Nick Taylor considers himself to be playing the best golf of his career right now, and the results prove him right.
Taylor is the Canadian in the best position in the standings (22nd), which will earn him a participation in the PGA Championship, starting Thursday.
The second major tournament of the year will be presented at the Oak Hill club in Rochester, New York.
The 35-year-old British Columbian hasn’t played the PGA Championship in three years.
Since 2020, he has taken part in only one prestigious tournament – the United States Open, last year.
The good results are piling up this season, though.
In 18 tournaments, he finished in the top 10 five times, including second place on two occasions.
Taylor finished sixth at the Fortinet Championship in September, seventh at the Sony Open in Hawaii in January, second at the Phoenix Open in February and 10th at the Valspar Championship in March.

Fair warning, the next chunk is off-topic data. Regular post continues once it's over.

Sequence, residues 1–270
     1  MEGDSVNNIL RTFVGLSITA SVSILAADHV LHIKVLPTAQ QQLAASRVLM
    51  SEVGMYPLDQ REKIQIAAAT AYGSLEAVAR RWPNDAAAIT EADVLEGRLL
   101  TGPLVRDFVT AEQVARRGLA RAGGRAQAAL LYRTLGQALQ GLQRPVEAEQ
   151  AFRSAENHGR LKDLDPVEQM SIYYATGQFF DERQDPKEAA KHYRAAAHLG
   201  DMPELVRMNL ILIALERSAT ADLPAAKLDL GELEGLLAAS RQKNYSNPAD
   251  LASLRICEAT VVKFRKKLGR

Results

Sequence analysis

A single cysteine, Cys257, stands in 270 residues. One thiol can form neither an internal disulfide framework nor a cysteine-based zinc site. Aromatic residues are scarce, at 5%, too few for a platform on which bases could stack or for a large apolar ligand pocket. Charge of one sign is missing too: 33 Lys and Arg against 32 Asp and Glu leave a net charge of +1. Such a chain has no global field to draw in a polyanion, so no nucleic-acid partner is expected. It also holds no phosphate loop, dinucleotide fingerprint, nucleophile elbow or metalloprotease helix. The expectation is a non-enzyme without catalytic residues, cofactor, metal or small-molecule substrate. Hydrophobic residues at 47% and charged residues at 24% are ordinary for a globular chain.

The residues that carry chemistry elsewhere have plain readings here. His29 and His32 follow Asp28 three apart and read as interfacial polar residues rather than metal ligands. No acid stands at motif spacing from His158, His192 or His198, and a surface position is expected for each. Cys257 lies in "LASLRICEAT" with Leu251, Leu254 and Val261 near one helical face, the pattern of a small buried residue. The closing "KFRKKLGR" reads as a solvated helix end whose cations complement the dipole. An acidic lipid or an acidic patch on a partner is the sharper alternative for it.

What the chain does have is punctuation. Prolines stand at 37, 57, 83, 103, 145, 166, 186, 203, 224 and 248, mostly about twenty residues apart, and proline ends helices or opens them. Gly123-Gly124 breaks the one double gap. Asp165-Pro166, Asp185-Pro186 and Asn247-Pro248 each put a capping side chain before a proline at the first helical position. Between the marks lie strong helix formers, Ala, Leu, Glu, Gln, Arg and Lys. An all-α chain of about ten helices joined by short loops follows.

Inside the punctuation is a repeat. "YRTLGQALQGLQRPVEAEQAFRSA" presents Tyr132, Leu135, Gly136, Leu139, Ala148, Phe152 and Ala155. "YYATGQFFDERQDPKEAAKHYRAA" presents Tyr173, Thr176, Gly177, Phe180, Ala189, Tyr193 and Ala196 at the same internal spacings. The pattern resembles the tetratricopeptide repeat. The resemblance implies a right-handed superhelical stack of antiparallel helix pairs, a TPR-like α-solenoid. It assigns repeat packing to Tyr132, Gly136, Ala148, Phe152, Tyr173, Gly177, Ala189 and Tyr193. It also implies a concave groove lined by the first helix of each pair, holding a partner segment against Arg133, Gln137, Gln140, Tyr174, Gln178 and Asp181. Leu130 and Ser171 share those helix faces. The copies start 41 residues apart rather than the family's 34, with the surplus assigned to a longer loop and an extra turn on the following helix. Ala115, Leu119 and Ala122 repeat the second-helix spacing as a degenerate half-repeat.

Last month, he and compatriot Adam Hadwin finished second at the Zurich Classic in New Orleans.
“In Hawaii, I already had in mind how I want to play. I thought enough of questioning myself was enough, Taylor said. You can easily fall into this trap, try a bit of everything and not get the results you want. I have identified what suits me and I take it seriously. »
Taylor worked on his short distance game with instructor Gareth Raflewski.
Taylor has qualified for the weekend 13 times, racking up $4.05 million in prize money heading into the middle of the season. That’s more than double that of 2019-20, his most lucrative season so far.
“I want to keep putting myself in advantageous positions,” Taylor said. I think my results reflect my commitment to a certain way of playing. »
At the PGA Championship, Canada will be represented by Taylor, Hadwin, Corey Conners, Mackenzie Hughes, Taylor Pendrith and Adam Svensson.
That equals the record of six Canadians at a major tournament set last year at the U.S. Open, according to the Canadian Golf Hall of Fame.
Taylor said “it’s great” that so many Canadians are there, adding that the group is tightly knit off the court.
“It’s a motivator,” Taylor said. It feels like every tournament you can see the maple leaf towards the top of the leader board. »